Conceptualising welfare workers as information bricoleurs: Theory building using literature analysis, organisational ethnography and grounded theory analysis

Rebecca French, Christina Williamson

Research output: Book chapter/Published conference paperConference paperpeer-review


Introduction: There has been a paucity of research focussed on the information practices of welfare workers in Australia. The study attempts to fill the gap, emphasising methodological approaches and the theoretical development that enabled the conceptualisation of welfare workers as information bricoleurs.
Method: Within an interpretivist/constructivist, the study used ethnography and grounded theory analysis, combined with literature analysis. The ten months of fieldwork took place in a small community organisation in Victoria, Australia, and included interviews with eight participants and participant observation of fourteen workers and two clients.
Analysis: Grounded theory analysis provided the ability to build theory through ongoing interaction between insights from the data and literature. The analytic techniques, drawn from second generation constructivist grounded theory, included incident by incident coding; constant comparison; focussed coding (e.g., mind maps; memos); and theoretical coding (theoretical memos, concept maps, comparative tables and Venn diagrams of key concepts).
Results: The information practices of welfare workers were found to be fluid, consultative and collaborative. Workers did not follow a predictable sequence of tasks and steps, but rather relied on their box of tricks including personalised information resources, stories and support from colleagues, and their own knowledge to determine the best approach to meet the needs of clients.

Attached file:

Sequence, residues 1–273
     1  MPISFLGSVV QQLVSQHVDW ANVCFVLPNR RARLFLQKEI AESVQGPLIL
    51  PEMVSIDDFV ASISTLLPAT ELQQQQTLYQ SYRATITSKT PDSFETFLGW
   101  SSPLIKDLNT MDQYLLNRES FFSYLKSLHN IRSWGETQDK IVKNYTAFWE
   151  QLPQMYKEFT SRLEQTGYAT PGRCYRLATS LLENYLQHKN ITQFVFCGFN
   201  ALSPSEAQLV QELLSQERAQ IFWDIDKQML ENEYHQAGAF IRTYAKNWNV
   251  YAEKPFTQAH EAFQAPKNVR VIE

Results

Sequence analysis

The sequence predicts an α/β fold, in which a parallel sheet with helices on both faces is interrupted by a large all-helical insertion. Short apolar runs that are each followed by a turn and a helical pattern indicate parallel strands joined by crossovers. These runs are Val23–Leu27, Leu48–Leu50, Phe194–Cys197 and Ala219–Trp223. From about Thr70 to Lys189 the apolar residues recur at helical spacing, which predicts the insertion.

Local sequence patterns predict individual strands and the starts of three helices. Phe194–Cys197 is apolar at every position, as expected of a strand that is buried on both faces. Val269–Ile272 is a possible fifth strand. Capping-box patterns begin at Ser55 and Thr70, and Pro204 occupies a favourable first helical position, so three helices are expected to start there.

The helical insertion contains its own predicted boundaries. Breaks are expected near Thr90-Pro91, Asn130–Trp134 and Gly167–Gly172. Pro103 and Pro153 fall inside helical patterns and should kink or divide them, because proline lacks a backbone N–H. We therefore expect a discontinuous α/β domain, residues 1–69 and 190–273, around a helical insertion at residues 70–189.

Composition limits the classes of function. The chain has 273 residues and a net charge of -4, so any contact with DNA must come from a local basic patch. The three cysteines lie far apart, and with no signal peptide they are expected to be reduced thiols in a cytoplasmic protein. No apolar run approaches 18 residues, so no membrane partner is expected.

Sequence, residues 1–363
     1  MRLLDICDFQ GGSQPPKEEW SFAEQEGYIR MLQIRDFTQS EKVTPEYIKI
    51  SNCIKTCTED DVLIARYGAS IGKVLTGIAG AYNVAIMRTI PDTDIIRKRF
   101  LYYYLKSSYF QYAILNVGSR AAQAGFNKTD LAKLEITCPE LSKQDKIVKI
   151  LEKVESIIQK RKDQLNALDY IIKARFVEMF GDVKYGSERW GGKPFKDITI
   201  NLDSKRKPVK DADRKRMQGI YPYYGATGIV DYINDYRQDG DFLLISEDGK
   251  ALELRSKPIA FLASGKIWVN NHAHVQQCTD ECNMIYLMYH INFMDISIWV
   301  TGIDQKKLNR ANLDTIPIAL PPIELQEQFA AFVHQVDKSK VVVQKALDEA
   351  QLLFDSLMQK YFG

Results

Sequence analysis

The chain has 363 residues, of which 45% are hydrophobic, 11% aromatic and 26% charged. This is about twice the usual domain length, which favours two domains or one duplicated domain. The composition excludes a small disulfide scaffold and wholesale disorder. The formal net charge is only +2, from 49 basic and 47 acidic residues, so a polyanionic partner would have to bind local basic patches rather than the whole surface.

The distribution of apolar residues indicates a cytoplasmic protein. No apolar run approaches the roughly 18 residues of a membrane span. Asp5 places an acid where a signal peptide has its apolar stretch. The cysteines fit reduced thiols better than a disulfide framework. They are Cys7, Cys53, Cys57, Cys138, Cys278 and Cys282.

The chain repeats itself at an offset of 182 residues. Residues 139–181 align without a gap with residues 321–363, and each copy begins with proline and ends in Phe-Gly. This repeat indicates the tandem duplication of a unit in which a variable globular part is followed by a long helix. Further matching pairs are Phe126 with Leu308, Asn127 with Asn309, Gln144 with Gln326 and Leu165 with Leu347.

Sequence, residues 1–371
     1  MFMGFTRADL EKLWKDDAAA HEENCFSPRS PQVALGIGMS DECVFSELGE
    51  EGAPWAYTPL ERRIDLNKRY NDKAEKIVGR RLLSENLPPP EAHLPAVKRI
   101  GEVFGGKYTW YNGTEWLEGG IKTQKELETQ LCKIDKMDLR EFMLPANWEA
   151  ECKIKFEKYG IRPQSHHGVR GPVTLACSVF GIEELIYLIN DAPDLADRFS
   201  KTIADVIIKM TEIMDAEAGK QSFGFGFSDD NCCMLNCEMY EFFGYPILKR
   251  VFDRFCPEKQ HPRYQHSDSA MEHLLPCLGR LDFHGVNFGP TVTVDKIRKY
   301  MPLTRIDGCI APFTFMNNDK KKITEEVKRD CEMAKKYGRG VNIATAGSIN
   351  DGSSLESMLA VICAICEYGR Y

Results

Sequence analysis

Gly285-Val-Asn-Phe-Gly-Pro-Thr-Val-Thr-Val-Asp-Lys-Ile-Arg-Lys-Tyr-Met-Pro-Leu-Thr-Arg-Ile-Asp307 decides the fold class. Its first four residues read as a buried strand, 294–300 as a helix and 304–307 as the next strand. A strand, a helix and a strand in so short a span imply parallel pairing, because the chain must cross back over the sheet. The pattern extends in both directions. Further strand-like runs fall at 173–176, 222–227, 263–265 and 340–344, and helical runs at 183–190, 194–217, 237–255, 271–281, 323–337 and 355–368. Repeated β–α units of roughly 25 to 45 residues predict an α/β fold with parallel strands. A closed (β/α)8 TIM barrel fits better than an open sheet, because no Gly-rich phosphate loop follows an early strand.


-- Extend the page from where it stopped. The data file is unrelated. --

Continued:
Conclusions: Literature analysis, together with an ethnographic approach and grounded theory analysis allowed for significant insights. The methods also enabled the conceptual model of information bricolage (and the bricoleur) to be developed, a model which may have applicability to other health and community disciplines.
Original languageEnglish
Title of host publicationProceedings of ISIC
Subtitle of host publicationThe information behaviour conference, Zadar, Croatia, 20-23 September, 2016: Part 1.
Place of PublicationSweden
PublisherUniversity of Boras, Sweden
Number of pages14
Publication statusPublished - 2016
EventISIC: The Information Behaviour Conference - University of Zadar, Zadar, Croatia
Duration: 20 Sept 201623 Sept 2016 (Archived page)


ConferenceISIC: The Information Behaviour Conference
Abbreviated titleInformation seeking in context
OtherThe field of human information behaviour and practice is multi-disciplinary in scope: researchers from information science, information management, management science, psychology, social psychology, sociology, information systems, computer science, and other disciplines all contribute to this field of investigation. ISIC: the Information Behaviour Conference intends to reflect this interdisciplinary character through attracting papers from researchers in all of these areas. The unifying characteristic, which we see as essential in developing a programme is the relationship between the needs or requirements of the information user, the means for the satisfaction of those needs and the uses to which those means are put in practice by organizations or disciplines. Thus, papers that deal solely with technological aspects of system design, for example, will not be appropriate for the conference.
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